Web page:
A new class of drug could effectively treat types of breast, ovarian and prostate cancer.
Called POLQ inhibitors, the newly identified drugs specifically target cancer cells with a faulty copy of the BRCA1 or BRCA2 genes, while leaving healthy cells unharmed. Importantly, the drugs are effective against cancers that have grown resistant to other treatments - potentially offering new hope for patients with BRCA-mutated cancers.
'All cells have to be able to repair damage to their DNA to stay healthy – otherwise mutations build up and eventually kill them,' said study co-leader Professor Chris Lord, from the Institute of Cancer Research (ICR), London. 'This new type of treatment has the potential to be effective against cancers which already have weaknesses in their ability to repair their DNA, through defects in their BRCA genes.'
The research focused on tumours which harbour a faulty inherited copy of either BRCA gene. Both POLQ and BRCA genes encode proteins involved in DNA repair, but at least one of these must function for a cell to survive. As a result, cancer cells with a faulty BRCA gene are especially sensitive to the blocking of POLQ. After screening over 165,000 chemical compounds, the research team were able to identify several molecules that inhibited POLQ function.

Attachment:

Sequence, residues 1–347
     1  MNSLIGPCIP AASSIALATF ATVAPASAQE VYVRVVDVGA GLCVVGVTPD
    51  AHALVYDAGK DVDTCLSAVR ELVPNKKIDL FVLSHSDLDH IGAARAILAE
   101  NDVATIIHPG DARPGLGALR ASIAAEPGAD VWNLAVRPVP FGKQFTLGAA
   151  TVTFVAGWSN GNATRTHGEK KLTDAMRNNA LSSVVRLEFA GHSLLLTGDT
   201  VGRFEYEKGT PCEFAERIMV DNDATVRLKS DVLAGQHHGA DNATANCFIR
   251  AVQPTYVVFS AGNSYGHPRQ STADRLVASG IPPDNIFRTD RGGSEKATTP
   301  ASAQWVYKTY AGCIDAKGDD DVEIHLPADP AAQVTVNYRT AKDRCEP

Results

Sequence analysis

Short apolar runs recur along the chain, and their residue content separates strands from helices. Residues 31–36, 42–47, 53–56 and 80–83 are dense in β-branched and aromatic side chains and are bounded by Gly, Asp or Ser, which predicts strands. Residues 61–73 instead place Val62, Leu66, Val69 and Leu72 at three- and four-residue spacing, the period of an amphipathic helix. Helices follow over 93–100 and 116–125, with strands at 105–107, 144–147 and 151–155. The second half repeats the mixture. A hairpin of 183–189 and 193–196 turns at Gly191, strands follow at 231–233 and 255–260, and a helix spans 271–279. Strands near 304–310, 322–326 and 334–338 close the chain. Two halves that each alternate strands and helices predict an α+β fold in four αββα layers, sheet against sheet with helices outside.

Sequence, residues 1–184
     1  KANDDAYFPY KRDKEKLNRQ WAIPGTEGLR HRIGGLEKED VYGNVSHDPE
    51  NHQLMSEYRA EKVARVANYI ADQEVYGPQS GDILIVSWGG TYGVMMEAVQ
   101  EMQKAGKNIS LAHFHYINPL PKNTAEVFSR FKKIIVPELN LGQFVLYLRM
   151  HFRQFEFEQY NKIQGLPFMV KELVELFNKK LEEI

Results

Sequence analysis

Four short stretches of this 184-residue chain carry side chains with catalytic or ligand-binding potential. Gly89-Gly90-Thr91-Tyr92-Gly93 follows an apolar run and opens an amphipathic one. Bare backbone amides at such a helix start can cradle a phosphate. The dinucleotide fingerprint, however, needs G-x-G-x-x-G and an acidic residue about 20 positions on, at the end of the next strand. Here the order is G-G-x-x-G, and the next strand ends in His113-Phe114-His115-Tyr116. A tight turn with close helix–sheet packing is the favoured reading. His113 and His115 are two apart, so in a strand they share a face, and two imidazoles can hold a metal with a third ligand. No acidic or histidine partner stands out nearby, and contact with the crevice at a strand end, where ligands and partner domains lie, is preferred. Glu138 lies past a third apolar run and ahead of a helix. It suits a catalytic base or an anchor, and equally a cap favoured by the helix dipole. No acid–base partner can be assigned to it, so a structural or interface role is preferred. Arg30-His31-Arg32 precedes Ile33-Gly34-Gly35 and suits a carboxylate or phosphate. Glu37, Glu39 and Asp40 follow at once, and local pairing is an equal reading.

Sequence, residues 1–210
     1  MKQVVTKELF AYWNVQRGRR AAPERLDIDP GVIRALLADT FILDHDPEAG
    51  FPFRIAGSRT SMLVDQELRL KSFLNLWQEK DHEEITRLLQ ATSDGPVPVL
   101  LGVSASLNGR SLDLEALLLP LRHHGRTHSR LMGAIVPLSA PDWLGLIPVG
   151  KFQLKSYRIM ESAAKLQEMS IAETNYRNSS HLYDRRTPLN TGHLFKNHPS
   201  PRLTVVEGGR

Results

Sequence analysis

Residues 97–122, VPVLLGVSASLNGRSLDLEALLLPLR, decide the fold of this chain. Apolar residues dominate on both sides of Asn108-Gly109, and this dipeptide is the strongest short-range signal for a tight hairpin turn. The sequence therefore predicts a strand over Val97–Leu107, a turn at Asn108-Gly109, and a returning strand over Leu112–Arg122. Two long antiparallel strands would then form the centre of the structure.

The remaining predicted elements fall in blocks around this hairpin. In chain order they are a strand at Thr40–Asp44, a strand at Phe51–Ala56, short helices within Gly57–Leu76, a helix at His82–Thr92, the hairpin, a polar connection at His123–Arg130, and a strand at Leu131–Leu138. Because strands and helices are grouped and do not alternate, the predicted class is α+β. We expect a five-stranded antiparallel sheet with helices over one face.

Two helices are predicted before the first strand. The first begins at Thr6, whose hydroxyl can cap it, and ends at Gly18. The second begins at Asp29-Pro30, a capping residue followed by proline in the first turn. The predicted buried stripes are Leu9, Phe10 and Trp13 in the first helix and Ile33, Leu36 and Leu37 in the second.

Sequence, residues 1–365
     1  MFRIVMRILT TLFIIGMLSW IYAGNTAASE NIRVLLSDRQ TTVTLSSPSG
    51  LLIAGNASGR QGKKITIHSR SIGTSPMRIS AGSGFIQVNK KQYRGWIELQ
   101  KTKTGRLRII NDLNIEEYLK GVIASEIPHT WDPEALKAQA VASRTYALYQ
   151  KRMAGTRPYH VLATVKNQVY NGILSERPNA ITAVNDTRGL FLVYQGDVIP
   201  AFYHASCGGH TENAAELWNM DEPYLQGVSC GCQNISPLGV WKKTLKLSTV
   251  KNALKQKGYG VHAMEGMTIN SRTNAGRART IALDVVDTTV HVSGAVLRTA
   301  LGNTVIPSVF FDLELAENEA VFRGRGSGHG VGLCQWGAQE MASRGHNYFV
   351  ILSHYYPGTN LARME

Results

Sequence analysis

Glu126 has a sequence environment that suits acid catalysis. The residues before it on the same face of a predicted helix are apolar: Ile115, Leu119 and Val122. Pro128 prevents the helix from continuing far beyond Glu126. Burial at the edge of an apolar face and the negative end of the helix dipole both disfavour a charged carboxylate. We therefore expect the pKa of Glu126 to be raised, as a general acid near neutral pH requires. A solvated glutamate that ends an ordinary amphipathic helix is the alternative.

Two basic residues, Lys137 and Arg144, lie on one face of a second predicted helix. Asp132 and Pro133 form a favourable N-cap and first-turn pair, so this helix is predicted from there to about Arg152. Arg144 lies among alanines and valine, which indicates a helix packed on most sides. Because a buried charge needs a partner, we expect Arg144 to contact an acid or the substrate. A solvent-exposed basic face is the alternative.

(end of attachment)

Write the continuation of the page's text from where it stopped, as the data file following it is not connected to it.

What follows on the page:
In the study, the addition of POLQ inhibitors in vitro killed BRCA-mutant cancer cells, but not healthy cells. POLQ inhibitors were also effective in rat models which had stopped responding to PARP inhibitors and caused their tumours to shrink. PARP inhibitors are currently used to treat patients with BRCA-mutant cancers, but a significant proportion of tumours can develop resistance.
The team also hope to use their findings to prevent BRCA-mutant cancers from evolving drug resistance in the first place, by treating patients with two types of drug at once.
'Most exciting of all is the potential of combining POLQ and PARP inhibitor drugs to prevent the evolution of BRCA-mutant cancers into more aggressive, drug-resistant forms – a major challenge that we see in the clinic,' said the ICR's chief executive, Professor Paul Workman.